Partitioning, Prescriptions & Dashboard Design

by Ravi Mistry

The importance of a data dashboard is hard to misinterpret. After spending time on data preparation (which, in my last post, can take much longer if your mind isn’t poised on what you want the data to be), and creating the views which you want within Tableau, it comes to the all important dashboard. On Tableau Public, there are some insane examples of what proper dashboard formatting can lead to (check out people like Kelly Martin or Anya A’hearn amongst others). This in mind, the effort that goes into beautifying visualisations is paramount, as the end user will see this immediately.

Over my weeks at the data school there have been some amazing visualisations done by my colleagues – Have a look at their profiles too; and one key running theme on the ones that I have found the ‘coolest ‘ is the effort put into making them look pretty. So, as we went into prescriptions & SQL week, I was determined to make my viz more appealing to the eye. The data we worked on was huge – Some 517M rows long and quite a fair few fields wide. This is where Craig Bloodworth came in, and giving us our brief, our data and leaving us with this weeks key idea – Work with the data in the most efficient way possible with a key story or question that you are looking to answer. So thus, the project begun – Working in Exasol to explore samples of the data, making database calls using SQL (something completely alien to the economist in the room) and either the Exasol database live from Tableau or (as I did, the cheap easy way out) creating an extract to make loading and response times faster. More on that shortly.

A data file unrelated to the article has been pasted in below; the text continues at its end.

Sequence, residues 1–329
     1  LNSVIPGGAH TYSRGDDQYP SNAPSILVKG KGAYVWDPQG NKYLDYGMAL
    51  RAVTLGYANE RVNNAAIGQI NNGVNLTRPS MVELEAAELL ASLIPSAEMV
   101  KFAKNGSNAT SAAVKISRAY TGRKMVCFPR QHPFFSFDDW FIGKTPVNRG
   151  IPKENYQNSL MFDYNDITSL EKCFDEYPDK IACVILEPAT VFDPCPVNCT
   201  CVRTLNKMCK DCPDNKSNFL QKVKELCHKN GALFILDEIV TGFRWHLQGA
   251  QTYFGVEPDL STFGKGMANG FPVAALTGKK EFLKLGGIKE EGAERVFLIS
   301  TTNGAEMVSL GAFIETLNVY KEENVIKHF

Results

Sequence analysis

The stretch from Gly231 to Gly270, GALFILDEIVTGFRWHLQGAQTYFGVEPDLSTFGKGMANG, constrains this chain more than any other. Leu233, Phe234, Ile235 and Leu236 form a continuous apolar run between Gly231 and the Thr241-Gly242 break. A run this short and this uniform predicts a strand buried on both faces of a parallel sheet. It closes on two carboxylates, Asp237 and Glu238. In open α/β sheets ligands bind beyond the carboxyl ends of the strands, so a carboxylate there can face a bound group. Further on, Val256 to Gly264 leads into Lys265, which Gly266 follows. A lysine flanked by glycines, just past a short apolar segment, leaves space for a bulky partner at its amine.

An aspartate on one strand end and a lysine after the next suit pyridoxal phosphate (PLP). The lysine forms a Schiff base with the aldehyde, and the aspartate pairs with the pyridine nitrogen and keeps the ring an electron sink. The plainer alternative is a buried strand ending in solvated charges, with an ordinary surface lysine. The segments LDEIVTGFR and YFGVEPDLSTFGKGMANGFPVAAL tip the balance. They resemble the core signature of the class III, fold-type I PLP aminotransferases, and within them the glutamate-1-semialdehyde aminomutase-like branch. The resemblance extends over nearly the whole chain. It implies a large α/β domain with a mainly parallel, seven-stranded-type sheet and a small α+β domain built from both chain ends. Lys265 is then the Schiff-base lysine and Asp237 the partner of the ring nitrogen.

It was also table calculations week! I’ve got a blog post in the pipeline where I will attempt to tackle addressing and partitioning as a concept – It was something I found particularly hard to get my head around, so I will do my best to explain it. As you may recall, our second day was a ‘Tableau Zen Masterclass’ with Andy and Craig, and that was our first real look at table calculations. So our session on Monday 27th was our first real look into not only how table calculations worked, but the order of operations within Tableau.


Tableau calculations are an odd concept to get your head around – With Craig, we took breaks often and it was good to digest the parts of how table calcs operated and how they fitted in with the wider Tableau processes. I think that this will become a really good knowledge set to have, because when we start to work with clients, knowing what will happen before we start clicking will be important. This again links into our objective for the week – To look at being efficient with, not only our data, but out actions within Tableau – Avoiding the ‘Tableau shuffle’ as Craig called it; messing around with Tableau until it showed what you wanted in a lot of clicks. We’re getting better at it, I think.